North Shore terminals humming through trade fracas

Exports through the North Shore’s export terminals continue to hum despite some commodities being whipsawed in global trade disputes.

Mid-year stats released by the Vancouver Fraser Port Authority on Thursday show canola exports dropped by more than 12 per cent in the first half of 2019 compared to the year before.

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In March, China banned imports from two Canadian canola exporters, including Richardson International, citing concerns about pest infestations, although experts in geopolitics say it was likely a pressure tactic in broader diplomatic and trade tiffs.

Whatever the cause, the volatility is being felt, said Robin Silvester, Port of Vancouver president and CEO.

“We’re seeing a local example of some of the trade changes Canada, the U.S., China and the world are grappling with. Volumes are a bit down,” Silvester said, adding it could have been a lot worse had canola growers not scrambled to find other buyers for their product. “But the fact that it is down shows these trade spats do have an effect. It’s tough when you’re in the canola export business and China starts making it difficult.”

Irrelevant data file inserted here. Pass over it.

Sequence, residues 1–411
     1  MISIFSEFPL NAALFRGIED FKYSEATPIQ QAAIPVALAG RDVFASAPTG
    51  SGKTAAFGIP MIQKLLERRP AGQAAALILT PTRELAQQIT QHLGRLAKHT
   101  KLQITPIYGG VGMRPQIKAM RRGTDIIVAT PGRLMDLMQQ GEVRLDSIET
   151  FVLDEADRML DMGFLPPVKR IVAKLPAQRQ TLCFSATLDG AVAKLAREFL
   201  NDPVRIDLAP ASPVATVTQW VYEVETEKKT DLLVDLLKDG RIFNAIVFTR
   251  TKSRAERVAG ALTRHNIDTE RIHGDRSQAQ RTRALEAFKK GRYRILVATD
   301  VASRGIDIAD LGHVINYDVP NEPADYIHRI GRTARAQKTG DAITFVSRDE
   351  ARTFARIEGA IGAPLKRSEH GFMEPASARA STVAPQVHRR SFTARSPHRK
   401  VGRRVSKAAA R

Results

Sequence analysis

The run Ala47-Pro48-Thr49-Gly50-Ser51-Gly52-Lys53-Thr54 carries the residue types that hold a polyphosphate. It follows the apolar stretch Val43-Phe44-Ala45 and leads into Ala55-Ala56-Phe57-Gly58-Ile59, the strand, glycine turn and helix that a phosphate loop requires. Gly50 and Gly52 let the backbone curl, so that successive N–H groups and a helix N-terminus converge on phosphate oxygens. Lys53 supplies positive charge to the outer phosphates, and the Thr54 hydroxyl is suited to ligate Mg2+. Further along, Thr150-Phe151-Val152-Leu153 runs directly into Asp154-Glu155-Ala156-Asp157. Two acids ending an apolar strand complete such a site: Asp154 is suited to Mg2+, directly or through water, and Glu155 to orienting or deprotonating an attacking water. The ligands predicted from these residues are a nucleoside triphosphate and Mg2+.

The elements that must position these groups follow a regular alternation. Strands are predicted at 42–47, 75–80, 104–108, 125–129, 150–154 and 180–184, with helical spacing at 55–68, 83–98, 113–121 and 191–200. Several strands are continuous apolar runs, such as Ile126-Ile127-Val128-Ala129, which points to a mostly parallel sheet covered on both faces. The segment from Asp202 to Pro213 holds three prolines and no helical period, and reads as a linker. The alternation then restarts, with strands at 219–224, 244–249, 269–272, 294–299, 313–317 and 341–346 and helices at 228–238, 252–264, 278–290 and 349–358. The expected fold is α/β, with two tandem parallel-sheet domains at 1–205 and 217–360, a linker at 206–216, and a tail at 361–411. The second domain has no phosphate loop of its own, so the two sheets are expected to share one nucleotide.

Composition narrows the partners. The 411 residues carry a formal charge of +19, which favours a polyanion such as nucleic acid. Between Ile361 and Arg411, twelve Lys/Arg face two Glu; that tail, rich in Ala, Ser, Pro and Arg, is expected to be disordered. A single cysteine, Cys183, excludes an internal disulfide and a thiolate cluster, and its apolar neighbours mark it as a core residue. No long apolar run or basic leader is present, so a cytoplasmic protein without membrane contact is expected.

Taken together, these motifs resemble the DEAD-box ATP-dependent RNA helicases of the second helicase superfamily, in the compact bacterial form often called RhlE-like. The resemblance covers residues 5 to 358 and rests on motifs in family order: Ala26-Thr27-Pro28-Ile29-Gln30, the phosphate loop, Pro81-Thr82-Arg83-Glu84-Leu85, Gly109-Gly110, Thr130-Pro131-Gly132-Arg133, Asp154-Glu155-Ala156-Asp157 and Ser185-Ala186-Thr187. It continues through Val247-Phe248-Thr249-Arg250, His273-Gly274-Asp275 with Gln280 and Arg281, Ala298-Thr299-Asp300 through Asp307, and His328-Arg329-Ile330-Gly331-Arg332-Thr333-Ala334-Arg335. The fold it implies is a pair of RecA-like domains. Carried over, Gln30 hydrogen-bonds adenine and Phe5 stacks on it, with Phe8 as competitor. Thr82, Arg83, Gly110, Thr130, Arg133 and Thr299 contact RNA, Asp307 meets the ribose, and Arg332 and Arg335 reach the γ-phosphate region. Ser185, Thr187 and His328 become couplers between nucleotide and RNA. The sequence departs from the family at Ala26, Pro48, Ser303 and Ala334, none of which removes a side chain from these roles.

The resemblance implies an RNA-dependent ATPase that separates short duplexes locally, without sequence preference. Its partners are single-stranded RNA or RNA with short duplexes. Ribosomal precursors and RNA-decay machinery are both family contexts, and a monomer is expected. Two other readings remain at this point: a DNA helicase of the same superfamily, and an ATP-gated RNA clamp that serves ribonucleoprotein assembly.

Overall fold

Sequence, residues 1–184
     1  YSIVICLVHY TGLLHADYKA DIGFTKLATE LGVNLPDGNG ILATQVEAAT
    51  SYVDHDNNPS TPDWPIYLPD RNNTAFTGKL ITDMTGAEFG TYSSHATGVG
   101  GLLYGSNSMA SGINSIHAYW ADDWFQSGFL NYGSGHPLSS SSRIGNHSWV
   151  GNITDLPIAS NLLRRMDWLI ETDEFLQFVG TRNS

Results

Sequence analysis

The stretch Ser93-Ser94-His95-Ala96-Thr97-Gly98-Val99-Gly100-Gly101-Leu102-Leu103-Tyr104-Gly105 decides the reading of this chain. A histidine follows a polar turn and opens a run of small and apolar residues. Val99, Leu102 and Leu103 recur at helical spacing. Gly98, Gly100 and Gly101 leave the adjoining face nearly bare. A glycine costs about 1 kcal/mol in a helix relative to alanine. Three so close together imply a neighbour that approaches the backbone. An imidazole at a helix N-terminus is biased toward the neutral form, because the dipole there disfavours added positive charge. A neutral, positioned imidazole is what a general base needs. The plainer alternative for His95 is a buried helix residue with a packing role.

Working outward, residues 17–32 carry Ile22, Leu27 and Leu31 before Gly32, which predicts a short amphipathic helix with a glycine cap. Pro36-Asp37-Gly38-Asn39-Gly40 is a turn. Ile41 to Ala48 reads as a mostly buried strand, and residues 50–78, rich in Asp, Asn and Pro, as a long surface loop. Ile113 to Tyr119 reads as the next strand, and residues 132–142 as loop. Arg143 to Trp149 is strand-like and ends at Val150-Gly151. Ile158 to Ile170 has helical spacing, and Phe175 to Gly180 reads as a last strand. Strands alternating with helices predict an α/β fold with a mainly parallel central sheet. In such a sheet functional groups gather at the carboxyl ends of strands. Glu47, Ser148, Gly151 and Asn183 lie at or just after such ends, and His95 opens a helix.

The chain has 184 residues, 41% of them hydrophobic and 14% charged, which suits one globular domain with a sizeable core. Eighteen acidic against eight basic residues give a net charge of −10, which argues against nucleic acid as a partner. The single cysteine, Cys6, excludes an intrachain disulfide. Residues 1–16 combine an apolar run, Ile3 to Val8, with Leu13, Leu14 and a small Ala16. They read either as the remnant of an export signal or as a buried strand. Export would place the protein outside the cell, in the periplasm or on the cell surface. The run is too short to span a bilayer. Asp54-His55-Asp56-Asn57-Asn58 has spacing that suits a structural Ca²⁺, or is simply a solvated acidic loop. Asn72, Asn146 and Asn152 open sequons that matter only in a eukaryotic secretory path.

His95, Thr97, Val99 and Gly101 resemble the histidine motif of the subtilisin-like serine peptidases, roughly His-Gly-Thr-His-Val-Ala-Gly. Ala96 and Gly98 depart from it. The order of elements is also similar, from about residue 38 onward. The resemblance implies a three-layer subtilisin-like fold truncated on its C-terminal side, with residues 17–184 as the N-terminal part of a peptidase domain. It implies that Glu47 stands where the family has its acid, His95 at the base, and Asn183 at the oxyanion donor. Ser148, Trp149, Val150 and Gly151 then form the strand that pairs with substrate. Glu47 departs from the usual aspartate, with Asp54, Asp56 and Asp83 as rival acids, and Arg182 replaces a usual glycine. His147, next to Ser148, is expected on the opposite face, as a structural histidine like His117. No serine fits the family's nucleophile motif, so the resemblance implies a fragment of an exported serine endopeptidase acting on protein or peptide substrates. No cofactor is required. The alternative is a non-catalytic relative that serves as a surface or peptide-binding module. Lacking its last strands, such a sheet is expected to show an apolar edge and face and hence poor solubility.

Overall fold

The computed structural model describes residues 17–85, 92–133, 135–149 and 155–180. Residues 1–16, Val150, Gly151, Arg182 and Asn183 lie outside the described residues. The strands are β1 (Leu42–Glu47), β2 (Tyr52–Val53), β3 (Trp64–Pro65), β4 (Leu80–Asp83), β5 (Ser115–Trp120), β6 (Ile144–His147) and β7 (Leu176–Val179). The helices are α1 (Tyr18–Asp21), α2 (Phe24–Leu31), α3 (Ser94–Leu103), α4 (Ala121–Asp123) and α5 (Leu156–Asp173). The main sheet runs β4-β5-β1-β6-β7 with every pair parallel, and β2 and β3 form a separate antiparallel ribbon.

But despite some pain in the canola industry, the grain terminals themselves have been no less busy. Wheat exports were up 22.4 per cent over the same period last year and specialty crops 34.2 per cent, the mid-year stats show.

“It’s a story of swings and roundabouts,” Silvester said.

Grain exports are likely only to increase in 2020, as the massive new G3’s massive new terminal at the foot of Brooksbank Avenue is nearing completion, Silvester said.

“Everything we’re hearing is they’re on track for their first grain shipments in the first half of next year. It’s really pretty exciting,” he said.

When G3 comes online, the volume of goods through the North Shore’s terminals could overtake the amount shipped through the entire Port of Montreal.

“And Montreal is the second largest port in Canada,” Silvester said.

The overall volume of goods moving through the port in the first half of 2019 was 72,498,360 tonnes, up 0.5 per cent from the same time last year.

Metallurgical coal, which is handled by Neptune Terminals, is up 7.2 per cent for 2019. Potash and potassium-based fertilizers, which Neptune also loads for export is up 27.3 per cent.

The port is still planning to expand rail capacity to the North Shore by upgrading the 3.4-kilometre Thornton Tunnel under Burnaby, although likely that will take years to complete, Silvester said.

And Silvester said North Shore residents and visitors will soon notice work being done on a massive environmental restoration project off Maplewood. The plan is to recreate intertidal habitat in a dredged former log basin.

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